A leading environmental consultancy has development funding from the UK Space Agency to help it develop a technological solution for water management and natural disaster response.
Shrewsbury-based GeoSmart Information is one of nine organisations across the country to have shared £85,000 to foster climate services innovation by developing UK business-viable ideas that use space data to address the impacts of climate change.
The fund is supported by Space4Climate, a not-for-profit membership organisation for the UK Earth Observation for climate community.
Paul Drury, director of product development at GeoSmart Information, said: “The UK space industry is a growing sector and space-derived data is an important asset that can be used to support with the challenges society faces in responding to weather hazards and climate change.
“Groundwater resources are vital to our survival and need to be better understood to ensure their sustainable usage. As a company that specialises in modelling this hazard, GeoSmart is well placed to lead this pioneering research and to develop innovative solutions that can support our clients in water management and disaster prediction.”
GeoSmart, a specialist in flood risk, drainage, groundwater and contaminated land, has existing technology that consumes rainfall forecasts derived from space for monitoring groundwater resources and predicting future hydrogeological conditions within the UK.
Through the integration of remotely sensed soil moisture data, it is expected this will improve the calibration and verification of this system. GeoSmart’s technology is used by water companies to monitor the water table and to predict future states at borehole observation points.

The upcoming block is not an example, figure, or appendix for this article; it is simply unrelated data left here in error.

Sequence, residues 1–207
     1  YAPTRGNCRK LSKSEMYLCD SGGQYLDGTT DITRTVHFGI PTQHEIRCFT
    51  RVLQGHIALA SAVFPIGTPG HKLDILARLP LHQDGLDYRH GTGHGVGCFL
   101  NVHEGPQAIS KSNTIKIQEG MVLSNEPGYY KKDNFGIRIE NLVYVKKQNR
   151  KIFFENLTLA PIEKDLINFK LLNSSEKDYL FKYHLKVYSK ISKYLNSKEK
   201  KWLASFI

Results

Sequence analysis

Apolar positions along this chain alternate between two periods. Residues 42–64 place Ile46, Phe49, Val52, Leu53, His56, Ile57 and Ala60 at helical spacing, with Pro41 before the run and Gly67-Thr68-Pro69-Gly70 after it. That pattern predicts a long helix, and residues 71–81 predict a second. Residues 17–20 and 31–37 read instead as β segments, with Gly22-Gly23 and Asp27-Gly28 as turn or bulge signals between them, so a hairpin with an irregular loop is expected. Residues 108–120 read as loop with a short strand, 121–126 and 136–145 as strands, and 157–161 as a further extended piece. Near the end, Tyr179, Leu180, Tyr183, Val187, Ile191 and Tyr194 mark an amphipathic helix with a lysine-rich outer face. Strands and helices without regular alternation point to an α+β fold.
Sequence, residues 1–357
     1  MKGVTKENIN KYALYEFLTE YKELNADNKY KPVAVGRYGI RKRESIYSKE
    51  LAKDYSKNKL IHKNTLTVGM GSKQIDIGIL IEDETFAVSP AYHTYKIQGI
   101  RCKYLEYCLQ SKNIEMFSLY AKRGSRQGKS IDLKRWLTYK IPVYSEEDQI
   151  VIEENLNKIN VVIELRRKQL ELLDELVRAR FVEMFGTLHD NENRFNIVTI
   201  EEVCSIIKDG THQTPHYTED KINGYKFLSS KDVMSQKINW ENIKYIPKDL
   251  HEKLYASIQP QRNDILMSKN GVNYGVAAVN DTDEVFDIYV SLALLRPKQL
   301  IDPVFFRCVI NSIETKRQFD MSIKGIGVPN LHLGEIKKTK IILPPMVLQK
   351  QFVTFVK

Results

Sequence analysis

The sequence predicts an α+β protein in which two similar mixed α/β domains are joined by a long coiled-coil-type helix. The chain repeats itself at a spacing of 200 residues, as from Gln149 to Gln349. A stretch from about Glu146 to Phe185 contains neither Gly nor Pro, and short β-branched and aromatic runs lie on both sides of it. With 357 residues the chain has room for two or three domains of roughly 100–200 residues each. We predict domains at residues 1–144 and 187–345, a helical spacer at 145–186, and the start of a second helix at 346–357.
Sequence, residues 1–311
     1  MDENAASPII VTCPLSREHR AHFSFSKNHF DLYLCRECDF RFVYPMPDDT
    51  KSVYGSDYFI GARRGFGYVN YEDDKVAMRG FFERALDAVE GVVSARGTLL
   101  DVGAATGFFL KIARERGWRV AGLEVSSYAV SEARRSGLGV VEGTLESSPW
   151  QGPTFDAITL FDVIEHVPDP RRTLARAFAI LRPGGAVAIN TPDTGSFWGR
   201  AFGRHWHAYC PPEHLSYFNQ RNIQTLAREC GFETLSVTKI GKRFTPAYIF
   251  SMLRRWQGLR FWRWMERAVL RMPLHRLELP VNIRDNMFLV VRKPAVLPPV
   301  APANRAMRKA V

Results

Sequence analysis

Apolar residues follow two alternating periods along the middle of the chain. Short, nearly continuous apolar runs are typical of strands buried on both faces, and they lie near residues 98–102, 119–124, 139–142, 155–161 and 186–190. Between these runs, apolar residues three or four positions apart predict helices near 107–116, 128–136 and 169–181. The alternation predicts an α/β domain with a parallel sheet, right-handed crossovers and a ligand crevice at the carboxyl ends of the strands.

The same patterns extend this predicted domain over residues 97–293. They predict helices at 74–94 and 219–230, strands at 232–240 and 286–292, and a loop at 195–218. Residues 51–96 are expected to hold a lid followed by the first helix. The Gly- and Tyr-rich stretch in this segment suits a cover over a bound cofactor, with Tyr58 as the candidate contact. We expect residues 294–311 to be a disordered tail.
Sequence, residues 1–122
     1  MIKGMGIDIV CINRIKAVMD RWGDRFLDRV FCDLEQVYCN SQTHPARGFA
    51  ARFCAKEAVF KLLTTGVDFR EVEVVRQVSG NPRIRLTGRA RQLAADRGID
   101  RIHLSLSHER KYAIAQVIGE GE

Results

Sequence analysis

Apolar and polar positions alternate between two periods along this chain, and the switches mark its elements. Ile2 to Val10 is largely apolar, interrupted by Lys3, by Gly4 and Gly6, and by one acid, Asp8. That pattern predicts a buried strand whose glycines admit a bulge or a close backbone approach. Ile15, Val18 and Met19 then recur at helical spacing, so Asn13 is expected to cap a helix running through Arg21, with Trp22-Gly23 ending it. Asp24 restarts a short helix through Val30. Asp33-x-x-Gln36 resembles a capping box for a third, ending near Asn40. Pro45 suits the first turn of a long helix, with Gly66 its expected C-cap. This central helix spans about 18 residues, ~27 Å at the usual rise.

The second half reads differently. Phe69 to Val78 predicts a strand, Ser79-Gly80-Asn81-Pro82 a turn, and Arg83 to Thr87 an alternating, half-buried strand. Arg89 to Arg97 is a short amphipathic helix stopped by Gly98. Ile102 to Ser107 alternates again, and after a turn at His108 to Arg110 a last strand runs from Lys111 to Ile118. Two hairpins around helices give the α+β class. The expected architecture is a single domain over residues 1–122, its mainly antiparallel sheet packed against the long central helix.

“This research will help with the prediction and monitoring of water scarcity and drought risks, as well as alerting users of the service of water abundance and flood risks,” said Paul.
“The integration of soil moisture data with groundwater forecasts, alongside seasonal climate forecasts from our project collaborator WeatherLogistics, would constitute a novel innovation for enhancing water management and natural disaster risk reduction activities.”
Beth Greenaway, head of earth observation and climate at UK Space Agency and chair of Space4Climate, praised the quality and innovative approach of all the applications. She said: “I am delighted to see this set of projects get started with UK Space Agency funding to enable the development of business models for commercial climate services based on space data.
“The number and quality of applications in this first climate services call shows the appetite and ability of UK companies to be innovative and at the forefront of using space to allow others to adapt or mitigate for climate change. We look forward to the Space4Climate community growing as these business opportunities progress.”
Recipients of the funding will develop a business viability presentation, setting out the vision for their climate service, how it could work, the core users and the route to market.
Krupa Nanda Kumar, climate services development manager at Space4Climate, said: “The UK is at the forefront of innovative applications of climate data from space for climate services. The awardees are a diverse range of projects across climate-related sectors and spread around the country. We are keen to support them and we look forward to the outcomes of their projects.”